We clambered past a building site and were suddenly back to civilisation — muddy, soaked in sweat and brandishing our sticks and t-shirts like we’d just escaped a prison camp. So of course I tapped a passer-by on the shoulder and asked her to take our picture.
I’m disappointed with how normal we look! We certainly felt like warriors.
But it wasn’t over yet — we weren’t even halfway done with our run.
We paused at first a temple to wash off and to check Susan’s 5,000,000 mosquito bites.
…and I didn’t get bitten once. They all just threw themselves at her!
…and then a 7-11 to
scare the cashier re-hydrate, before we set off towards Elephant Mountain. This was very easy going compared to what we had just been through (hello, there was an actual path) but of course steps are not my knees’ favourite thing in the world (and Susan DID race up 91 flights of steps this morning). So we took every opportunity we could to follow any trails we saw leading off from the hiking path. This led us first to a temple…
…and then to some awesome rocky paths without a soul on them. We spotted a sort of crazy tree house above the path, connecting this hut on a huge boulder to the mountain by the means of some kind of home-made suspension bridge. We scrambled up to explore and were promptly confronted by a man naked from the waist down who seemed to be appreciative of our company… back down to the path we went!
Next we discovered a gigantic statue, hidden in the middle of nowhere. A few people were making devotions whilst children ran around and screamed. We took a picture, then pushed onwards to a temple further down the mountain.
Note the realistic hair and beard.
Misty atmosphere courtesy of me sweating all over my phone.
This kind of statuary is quite unusual in the Taiwanese temples I’ve seen… there must be a particular story involving this guy and his horse, he looks pretty pissed off and the horse doesn’t look too happy either.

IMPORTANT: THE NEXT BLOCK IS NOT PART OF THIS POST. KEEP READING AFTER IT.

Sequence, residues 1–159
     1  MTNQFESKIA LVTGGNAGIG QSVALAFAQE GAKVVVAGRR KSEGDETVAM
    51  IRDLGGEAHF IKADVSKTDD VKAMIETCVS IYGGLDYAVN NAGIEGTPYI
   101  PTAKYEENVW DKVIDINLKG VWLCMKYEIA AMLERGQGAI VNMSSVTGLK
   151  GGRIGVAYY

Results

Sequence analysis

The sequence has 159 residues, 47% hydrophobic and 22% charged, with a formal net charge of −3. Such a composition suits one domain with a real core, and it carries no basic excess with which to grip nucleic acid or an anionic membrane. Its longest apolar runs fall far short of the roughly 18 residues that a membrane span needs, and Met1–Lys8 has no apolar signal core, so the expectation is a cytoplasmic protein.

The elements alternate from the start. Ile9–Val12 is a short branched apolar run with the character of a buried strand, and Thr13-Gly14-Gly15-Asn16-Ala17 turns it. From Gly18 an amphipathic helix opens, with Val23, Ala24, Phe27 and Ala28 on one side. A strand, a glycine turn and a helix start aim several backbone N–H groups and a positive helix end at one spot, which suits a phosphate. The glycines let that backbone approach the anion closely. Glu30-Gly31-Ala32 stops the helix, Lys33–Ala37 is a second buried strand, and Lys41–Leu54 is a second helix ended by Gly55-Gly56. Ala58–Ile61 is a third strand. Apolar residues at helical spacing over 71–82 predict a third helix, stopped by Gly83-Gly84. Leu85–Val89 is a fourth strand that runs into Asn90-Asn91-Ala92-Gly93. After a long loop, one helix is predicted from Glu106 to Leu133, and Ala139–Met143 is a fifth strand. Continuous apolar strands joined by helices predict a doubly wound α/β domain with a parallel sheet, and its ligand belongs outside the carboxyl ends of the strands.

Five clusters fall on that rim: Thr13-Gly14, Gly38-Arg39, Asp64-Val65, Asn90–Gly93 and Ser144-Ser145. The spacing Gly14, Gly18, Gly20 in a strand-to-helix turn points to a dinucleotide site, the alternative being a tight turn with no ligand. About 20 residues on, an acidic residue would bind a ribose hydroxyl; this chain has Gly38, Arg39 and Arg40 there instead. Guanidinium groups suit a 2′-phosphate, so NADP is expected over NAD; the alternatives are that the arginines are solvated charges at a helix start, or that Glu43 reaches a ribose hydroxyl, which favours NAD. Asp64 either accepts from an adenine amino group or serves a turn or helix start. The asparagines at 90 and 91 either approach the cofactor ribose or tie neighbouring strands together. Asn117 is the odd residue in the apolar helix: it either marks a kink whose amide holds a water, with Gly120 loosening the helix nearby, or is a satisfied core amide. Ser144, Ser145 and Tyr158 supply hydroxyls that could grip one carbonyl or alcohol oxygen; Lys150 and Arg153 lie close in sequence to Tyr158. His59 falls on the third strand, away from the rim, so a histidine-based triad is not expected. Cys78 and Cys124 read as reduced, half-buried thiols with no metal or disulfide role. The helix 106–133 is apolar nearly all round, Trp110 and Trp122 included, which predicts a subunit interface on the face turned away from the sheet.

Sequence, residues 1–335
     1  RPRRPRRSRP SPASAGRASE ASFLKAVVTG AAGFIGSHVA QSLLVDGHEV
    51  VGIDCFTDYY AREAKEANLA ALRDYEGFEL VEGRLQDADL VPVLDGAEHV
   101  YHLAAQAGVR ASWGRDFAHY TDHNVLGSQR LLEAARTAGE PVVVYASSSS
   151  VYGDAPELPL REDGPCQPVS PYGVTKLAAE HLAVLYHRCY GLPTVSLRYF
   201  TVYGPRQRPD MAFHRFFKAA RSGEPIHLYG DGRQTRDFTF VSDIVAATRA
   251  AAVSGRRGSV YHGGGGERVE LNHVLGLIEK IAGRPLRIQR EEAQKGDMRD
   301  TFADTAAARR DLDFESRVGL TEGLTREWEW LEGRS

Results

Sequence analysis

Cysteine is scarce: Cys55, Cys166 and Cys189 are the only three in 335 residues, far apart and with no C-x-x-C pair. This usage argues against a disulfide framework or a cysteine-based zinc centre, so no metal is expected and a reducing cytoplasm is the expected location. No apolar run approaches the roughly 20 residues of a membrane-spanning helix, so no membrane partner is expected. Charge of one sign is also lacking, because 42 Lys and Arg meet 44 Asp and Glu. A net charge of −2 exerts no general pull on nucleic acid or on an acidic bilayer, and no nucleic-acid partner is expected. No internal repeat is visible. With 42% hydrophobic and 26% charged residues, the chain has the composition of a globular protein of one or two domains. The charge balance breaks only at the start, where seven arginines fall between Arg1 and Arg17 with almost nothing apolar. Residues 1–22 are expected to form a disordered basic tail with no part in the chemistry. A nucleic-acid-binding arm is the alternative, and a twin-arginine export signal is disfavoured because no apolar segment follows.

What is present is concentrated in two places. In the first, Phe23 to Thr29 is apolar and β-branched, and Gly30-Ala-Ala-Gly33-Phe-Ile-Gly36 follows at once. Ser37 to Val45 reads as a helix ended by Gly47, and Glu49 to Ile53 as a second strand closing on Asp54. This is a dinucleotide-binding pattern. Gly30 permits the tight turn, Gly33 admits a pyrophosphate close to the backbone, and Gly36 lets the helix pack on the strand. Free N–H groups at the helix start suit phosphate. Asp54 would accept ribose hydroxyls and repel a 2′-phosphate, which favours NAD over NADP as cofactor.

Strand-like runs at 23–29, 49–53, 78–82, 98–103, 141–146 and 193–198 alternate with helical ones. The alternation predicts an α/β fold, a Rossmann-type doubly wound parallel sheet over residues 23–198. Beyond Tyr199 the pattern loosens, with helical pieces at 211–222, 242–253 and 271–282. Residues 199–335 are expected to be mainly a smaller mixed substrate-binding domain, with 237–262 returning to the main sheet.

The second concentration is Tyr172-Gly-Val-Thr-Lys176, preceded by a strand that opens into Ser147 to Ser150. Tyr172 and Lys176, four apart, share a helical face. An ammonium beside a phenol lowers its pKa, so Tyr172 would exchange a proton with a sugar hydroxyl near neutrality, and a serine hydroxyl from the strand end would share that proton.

Looking back, the view of the Horsey-temple and the big statue
Shortly after we left the temple, these statues started popping up around us. We really loved some of them! I wouldn’t know how to identify them but I’m guessing they are all kinds of special sages.
“I’m just chilling out, reading with my friend the psychedelic deer”
Loo-loo-loo, I got some apples, Loo-loo-loo, you’ve got some — dude’s head coming out your chest?
This man has eyebrows that are EVEN BIGGER THAN JAMES’! Also, some little friends to carry him around. Susan pointed out how the eyebrows look very snake-like…
I just love love LOVE the excitement in the eyes of this guy’s little dog-lion. You can see he is SO THRILLED to be with his owner!
Then we noticed a break in the trail, with these fairly implausible stairs that seemed, Escher-like, to go nowhere. So of course we took them.
Emboldened by our previous success at Liuzhangli, when the trail petered out into nothing, we attempted to fight our way through the brush towards home. Then I think both of us suddenly realised how much effort it would involve compared to, say, simply following pre-established trails. So we turned back, only to encounter another snake. Again, I didn’t have time to take a picture, but this time he was easy to identify, a Greater Green Snake. Very cute!
The rest of our run was fairly uneventful in comparison, and we found ourselves on my street as if by magic — couldn’t have planned it better myself. We ran to the Family Mart to make it a complete 8km (I am slightly obsessive about round numbers when I run), and picked up adorable Hello Kitty-shaped water bottles which are perfect for running because you can squeeze HK’s neck and it won’t slip! Too lazy to go take a picture of mine so you will have to trust me on it.